ChapStick tried (eventually) to leverage this situation as a chance to state their appreciation of customer feedback with this statement:
We’re aware of the discussion going on across social media, and we’re listening. We love our fans and adore your passionate voice around ChapStick.
The problem is after someone has their comment deleted, the declaration of love and adoration no longer means much. You can say you’re listening, but until you ask your customers/fans/followers clarifying questions and share your resulting ACTION plan, words are just words.
Listen, ask, listen, act, again and again. THAT is how you turn criticism into the chance for ongoing relationships and a high ROR (Return on Relationship).
Actually, we should all thank ChapStick … for “taking one for the team” by showing us why every brand needs to have authenticity, transparency, and huge dose of courage in their social media strategy.
Postscript: I found this in my files today. I don’t remember from whom I copied this. I did not write it and do not take credit for it. Thought it was interesting and relevant to this conversation.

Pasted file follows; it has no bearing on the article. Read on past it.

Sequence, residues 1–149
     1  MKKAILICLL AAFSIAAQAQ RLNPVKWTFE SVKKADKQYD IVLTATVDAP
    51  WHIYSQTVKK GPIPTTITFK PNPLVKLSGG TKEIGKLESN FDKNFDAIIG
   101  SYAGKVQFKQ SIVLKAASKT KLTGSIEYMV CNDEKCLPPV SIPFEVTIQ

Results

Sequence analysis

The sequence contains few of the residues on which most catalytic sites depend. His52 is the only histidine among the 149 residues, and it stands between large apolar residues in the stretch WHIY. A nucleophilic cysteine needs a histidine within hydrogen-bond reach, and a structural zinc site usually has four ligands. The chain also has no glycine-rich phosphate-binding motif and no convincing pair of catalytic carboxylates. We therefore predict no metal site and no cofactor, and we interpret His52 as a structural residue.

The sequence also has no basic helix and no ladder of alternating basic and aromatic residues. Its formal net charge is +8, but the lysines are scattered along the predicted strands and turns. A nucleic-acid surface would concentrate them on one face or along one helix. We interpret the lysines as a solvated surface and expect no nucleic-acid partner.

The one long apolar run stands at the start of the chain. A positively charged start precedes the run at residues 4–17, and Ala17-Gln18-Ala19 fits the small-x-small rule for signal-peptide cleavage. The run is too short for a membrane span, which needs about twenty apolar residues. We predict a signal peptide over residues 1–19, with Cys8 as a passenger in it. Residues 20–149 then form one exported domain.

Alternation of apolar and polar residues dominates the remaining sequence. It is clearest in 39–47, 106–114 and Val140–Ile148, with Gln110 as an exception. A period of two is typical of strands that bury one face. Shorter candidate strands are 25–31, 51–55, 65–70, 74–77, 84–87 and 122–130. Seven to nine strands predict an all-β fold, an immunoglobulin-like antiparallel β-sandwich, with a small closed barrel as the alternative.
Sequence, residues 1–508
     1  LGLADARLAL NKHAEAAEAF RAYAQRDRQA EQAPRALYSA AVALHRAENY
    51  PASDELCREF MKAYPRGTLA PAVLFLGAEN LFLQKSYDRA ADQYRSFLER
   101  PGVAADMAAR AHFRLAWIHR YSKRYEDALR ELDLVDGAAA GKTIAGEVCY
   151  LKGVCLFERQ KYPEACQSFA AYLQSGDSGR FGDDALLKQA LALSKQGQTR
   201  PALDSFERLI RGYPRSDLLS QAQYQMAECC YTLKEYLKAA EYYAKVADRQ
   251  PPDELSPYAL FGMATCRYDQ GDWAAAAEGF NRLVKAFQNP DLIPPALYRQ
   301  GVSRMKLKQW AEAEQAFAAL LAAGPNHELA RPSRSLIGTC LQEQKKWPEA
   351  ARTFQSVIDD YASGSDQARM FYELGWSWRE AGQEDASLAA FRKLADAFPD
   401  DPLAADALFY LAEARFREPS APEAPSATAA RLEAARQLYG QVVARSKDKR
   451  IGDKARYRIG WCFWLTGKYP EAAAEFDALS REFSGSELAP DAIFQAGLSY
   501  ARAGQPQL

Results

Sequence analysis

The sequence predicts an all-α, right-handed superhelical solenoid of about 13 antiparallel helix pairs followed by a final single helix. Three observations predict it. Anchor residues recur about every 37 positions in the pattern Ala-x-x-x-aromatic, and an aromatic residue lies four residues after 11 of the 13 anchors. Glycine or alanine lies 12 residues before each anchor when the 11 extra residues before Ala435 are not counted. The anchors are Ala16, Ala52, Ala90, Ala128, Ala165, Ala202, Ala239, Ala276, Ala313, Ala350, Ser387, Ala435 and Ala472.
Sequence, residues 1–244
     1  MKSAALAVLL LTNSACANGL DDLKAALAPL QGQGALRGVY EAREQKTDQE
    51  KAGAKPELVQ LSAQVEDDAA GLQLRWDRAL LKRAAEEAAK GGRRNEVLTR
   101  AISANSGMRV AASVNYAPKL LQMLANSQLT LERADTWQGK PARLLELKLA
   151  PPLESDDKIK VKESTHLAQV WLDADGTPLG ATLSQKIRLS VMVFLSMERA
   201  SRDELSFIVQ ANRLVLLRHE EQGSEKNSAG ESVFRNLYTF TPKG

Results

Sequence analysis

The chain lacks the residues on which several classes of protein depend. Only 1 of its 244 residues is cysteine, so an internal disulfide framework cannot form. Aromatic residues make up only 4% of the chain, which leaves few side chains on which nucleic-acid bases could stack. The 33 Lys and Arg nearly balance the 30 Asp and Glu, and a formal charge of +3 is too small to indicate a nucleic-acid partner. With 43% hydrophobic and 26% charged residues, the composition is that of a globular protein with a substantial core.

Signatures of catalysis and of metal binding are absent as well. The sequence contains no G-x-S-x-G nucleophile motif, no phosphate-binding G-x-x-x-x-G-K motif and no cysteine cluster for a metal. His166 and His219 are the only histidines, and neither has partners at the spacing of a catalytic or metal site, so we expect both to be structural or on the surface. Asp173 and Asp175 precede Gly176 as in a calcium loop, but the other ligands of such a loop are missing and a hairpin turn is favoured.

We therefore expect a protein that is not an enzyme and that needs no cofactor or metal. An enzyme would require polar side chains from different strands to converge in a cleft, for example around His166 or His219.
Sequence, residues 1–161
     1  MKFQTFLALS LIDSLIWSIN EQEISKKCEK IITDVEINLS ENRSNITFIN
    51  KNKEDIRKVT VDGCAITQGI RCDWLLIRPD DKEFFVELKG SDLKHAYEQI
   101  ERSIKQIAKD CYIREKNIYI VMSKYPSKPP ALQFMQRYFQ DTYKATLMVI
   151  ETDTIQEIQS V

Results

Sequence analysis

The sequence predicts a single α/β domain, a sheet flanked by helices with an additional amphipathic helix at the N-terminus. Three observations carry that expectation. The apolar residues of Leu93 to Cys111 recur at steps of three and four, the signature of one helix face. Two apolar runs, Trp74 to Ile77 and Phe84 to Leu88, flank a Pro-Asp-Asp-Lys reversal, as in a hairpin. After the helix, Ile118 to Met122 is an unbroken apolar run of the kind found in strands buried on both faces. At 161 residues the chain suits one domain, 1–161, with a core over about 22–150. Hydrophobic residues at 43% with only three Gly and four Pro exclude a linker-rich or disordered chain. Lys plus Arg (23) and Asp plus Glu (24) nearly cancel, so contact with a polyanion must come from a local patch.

How To Diffuse An Angry Customer.
1. Acknowledge the problem and show compassion. Your customer has a right to be angry. Start with, “I can hear you are very upset,” and pause. Let him agree, “You’re damn right I’m upset!” Follow up with, “Sir, you have my complete attention. Please let me know the details and I’ll do my very best to help you today.”
2. Be patient and speak softly. At all costs, do not interrupt the customer when he is venting. Eventually, he will run out of gas and you can wade back into the conversation softly, reiterating your compassion. Remember, however frustrated the customer is, he did call you for help. At some point, he will have to listen to what you have to say in order to gain any resolution.
3. Repeat after him. Make sure you understand all his issues. Say, “If I understand you correctly, this is what you would like me to do.”
4. Become the advocate. Let the customer know you are taking ownership over the problem. He doesn’t have to talk to other departments and repeat himself. You will get to the bottom of the issue. Alas, if you repeatedly need to hand customers over to another department, perhaps the company needs to review its division of labor and its policies. Not every organization is set up for successful customer interactions.
5. Correct the issue and follow up. Everything we’ve discussed up to this point relates to the customer’s emotional state. Only after the customer recognizes he has a “friend” on the phone should you begin to address the technical difficulty. Call in the resources you need for resolution but remain the customer’s point person throughout. Follow up with the urgency the customer requires. You may turn his bad experience into a decidedly positive one.
Note: Determine what went wrong and work internally to correct the fundamental issue to avoid duplicating the problem with other customers.